The Math Behind: Everything About Principle Component Analysis (PCA)
PCA reduces the dimensionality of data points that are in many spaces. Some ready codes and libraries allow coders to create PCA easily, however, do you know what is PCA and how does it work mathematically?
“The main idea of principal component analysis (PCA) is to reduce the dimensionality of a data set consisting of many variables correlated with each other, either heavily or lightly, while retaining the variation present in the dataset, up to the maximum extent.”
Intuitively, Principal Component Analysis allows us to see the position of data-points with a lower-dimensional picture. It can be called a projection or “shadow” of these data points when the user looks from its most informative viewpoint, as a shadow of the diamond picture above.
If someone asks you what is PCA, these are the first things that you should keep in your mind about PCA.
- reduces dimensions
- tries to keep the maximum variance in dataset
- sometimes, new dimensions are not explainable.
- allow creating easy to visualization
How does PCA work mathematically?
On the internet, the mathematical part of PCA is rarely explained step by step. There are very few resources about it and most of it not even detailed enough. I believe mathematical intuition allows us the connect puzzle pieces in the long term. Therefore now below you can see step by step calculation of PCA with an example.
Let’s say we have a dataset about exam scores of 5 students for their different sport lessons and we will try to reduce the dimension of this dataset.
1- Take features of the dataset, don’t consider Label.
PCA works on feature dimensions which are sport lessons in this case. Therefore, we shouldn’t consider a label column and unique student id’s. This process is only related to features of the dataset. After implementing all steps, the new scores of each student in PCA selected dimensions will be an outcome.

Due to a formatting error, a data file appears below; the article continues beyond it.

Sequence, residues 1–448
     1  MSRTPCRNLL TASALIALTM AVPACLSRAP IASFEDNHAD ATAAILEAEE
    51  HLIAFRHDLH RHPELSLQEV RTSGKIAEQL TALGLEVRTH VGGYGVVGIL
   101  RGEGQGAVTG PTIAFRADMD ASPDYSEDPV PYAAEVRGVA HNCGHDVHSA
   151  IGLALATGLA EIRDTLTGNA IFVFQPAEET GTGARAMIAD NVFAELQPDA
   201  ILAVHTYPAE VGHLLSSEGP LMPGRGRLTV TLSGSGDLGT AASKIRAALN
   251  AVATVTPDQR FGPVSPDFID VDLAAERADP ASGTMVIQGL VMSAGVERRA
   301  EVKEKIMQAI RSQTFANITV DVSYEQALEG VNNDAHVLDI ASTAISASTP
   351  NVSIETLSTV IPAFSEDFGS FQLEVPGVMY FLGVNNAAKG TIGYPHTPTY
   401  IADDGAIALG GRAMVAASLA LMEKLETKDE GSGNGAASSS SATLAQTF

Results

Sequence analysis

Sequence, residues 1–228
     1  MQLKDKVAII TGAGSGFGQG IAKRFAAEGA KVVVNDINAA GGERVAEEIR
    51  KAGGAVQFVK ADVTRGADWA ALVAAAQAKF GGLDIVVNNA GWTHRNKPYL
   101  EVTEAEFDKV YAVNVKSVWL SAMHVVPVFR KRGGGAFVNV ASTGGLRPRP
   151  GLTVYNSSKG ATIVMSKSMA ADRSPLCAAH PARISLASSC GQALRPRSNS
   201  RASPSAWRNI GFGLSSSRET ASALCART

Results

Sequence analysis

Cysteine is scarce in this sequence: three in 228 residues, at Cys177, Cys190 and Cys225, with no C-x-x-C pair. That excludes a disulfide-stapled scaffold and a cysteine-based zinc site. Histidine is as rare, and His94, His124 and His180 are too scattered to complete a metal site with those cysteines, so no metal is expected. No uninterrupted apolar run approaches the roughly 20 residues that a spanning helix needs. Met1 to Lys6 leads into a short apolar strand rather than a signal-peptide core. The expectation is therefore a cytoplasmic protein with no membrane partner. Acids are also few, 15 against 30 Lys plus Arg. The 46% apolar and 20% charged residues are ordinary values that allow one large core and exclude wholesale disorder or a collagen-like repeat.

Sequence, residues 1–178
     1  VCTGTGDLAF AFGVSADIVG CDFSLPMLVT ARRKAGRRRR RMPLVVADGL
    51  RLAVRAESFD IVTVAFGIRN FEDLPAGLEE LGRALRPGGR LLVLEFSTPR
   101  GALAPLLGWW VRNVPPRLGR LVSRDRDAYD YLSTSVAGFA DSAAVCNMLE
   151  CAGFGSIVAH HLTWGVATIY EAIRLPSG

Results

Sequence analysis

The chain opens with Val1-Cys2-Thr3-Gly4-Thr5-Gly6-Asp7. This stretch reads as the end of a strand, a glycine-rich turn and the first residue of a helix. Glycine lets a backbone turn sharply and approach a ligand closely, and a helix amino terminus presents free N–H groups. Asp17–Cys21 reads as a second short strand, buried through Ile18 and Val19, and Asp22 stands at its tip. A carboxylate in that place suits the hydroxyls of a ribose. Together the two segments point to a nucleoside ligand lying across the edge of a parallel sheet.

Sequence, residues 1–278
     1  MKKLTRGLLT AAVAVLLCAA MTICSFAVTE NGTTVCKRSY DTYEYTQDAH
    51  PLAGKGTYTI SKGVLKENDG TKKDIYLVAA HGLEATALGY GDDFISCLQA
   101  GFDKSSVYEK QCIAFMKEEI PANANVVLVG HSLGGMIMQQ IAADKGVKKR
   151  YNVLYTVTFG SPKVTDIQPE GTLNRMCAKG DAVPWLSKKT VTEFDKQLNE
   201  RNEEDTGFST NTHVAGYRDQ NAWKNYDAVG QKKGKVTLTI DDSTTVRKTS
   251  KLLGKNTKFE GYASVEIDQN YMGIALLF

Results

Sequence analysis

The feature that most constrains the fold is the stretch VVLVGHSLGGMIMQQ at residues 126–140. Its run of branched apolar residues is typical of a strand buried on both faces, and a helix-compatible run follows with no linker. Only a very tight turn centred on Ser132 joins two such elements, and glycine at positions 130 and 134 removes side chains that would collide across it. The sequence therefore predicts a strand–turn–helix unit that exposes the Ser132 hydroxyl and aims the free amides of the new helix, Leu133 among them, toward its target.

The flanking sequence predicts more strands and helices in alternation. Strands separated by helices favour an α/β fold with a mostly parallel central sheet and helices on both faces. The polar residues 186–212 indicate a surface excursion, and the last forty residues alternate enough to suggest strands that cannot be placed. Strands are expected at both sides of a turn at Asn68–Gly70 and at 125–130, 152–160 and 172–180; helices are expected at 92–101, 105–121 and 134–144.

2- Normalisation of Your Dataset
PCA is a practice to change the direction of components to maximum variance directions. Basically, the original data will be allocated in different directions that maximize the variance. If you don’t normalize your dataset, the PCA technique can be bias towards specific features.
Normalization is done in two steps:
- First of all, subtracting the respective means of the variable from every data point. This produces a dataset whose mean is zero.
- Secondly, after subtracting means, dividing every data point to standard deviation. (which I will not implement in this article)
You can see the mean of every column as below:
3- Calculate Covariance Matrix
Before we get started, we shall take a quick look at the difference between covariance and variance. Variance measures the variation of a single random variable (like the height of a person in a population), whereas covariance is a measure of how much two random variables vary together (like the height of a person and the weight of a person in a population).
The normalization of data points is linked with the covariance matrix. Because in the covariance formula, the mean of every column (feature) needs to be subtracted from the each data points of the each attribute. If you apply normalization, the mean will be zero. If you don’t apply the first step of the normalization, it will be done by the covariance matrix formula.
Covariance calculation should be happening in every combination of two features.
If we say, we have d dimension ( d number of features), the covariance matrix will be in dxd dimensions.
- It is a square matrix
- It is a symmetric matrix from diagonal, therefore cov(X,Y) = cov(Y,X)
cov(X, X) indicates the variance of X feature. The bigger number indicates higher variance. Therefore the diagonal part of the matrix indicates the variance of each feature. Every other elements in the matrix indicate the covariance of two different variables.
In our example, you can see the A matrix and mean of every column.